Polymyxin B (PMB) is an essential antibiotic active against multidrug-resistant bacteria, such as multidrug-resistant Pseudomonas aeruginosa (MDRP). However, the clinical use of PMB is limited, because PMB causes serious side effects, such as nephrotoxicity and neurotoxicity, probably due to its cytotoxic activity. However, cytotoxic mechanisms of PMB are poorly understood. In this study, we found that macrophages are particularly sensitive to PMB, when compared with other types of cells, including fibroblasts and proximal tubule (PT) cells. Of note, PMB-induced necrosis of macrophages allowed passive release of high mobility group box 1 (HMGB1). Moreover, upon exposure of PMB to macrophages, the innate immune system mediated by the NLR family pyrin domain containing 3 (NLRP3) inflammasome that promotes the release of pro-inflammatory cytokines such as interleukin-1β (IL-1β) was stimulated. Interestingly, PMB-induced IL-1β release occurred in the absence of the pore-forming protein gasdermin D (GSDMD), which supports the idea that PMB causes plasma membrane rupture accompanying necrosis. Emerging evidence has suggested that both HMGB1 and IL-1β released from macrophages contribute to excessive inflammation that promote pathogenesis of various diseases, including nephrotoxicity and neurotoxicity. Therefore, these biochemical properties of PMB in macrophages may be associated with the induction of the adverse organ toxicity, which provides novel insights into the mechanisms of PMB-related side effects.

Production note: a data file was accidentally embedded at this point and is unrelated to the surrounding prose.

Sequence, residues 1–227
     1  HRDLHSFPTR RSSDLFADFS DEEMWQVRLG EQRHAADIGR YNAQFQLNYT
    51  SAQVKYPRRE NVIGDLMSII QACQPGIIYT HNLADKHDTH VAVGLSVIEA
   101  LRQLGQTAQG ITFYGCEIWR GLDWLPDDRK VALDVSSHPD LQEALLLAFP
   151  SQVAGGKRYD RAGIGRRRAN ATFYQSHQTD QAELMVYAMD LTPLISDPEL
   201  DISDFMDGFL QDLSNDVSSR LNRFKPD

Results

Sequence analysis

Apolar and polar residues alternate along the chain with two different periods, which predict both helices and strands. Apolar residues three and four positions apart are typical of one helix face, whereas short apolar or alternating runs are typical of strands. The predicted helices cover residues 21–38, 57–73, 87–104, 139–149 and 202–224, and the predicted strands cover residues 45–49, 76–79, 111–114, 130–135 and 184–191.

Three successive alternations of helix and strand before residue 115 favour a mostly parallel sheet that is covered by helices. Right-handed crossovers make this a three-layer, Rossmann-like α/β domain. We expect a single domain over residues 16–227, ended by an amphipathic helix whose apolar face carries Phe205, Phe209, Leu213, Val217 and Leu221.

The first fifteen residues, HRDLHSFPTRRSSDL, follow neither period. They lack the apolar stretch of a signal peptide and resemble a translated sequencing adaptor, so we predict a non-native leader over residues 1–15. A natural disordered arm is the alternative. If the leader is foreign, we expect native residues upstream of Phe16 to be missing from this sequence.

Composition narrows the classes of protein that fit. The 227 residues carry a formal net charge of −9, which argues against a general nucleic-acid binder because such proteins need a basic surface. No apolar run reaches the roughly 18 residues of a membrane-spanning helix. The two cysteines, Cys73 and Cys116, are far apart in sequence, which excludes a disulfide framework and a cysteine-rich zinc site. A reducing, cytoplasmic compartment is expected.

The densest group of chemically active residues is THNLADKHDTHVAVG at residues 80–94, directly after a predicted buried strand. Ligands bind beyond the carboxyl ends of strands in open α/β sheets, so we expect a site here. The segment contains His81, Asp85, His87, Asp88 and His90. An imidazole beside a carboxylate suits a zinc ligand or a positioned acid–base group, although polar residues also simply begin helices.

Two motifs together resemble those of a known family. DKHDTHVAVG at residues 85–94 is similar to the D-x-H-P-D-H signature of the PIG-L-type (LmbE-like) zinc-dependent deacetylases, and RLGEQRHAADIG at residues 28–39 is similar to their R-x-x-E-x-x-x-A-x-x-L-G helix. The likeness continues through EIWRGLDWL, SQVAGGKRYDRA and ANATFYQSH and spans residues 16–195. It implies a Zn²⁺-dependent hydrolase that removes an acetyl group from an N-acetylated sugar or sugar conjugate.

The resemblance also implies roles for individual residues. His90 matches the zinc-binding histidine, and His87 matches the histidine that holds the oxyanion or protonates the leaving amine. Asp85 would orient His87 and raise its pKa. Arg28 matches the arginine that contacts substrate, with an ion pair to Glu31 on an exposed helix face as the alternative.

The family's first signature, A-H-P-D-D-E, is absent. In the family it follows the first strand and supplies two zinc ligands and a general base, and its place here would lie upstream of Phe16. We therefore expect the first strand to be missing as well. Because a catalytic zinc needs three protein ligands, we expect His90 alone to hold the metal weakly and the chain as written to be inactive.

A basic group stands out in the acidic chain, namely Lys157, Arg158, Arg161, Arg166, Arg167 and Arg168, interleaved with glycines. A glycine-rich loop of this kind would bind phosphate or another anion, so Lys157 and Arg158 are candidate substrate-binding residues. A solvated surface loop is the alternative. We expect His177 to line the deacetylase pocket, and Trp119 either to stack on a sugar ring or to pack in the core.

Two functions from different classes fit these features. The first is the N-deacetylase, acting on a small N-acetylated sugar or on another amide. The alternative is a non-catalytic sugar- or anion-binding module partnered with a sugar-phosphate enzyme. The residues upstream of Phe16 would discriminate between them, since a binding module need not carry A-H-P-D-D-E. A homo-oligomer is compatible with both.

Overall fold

ASJC Scopus subject areas
- Drug Discovery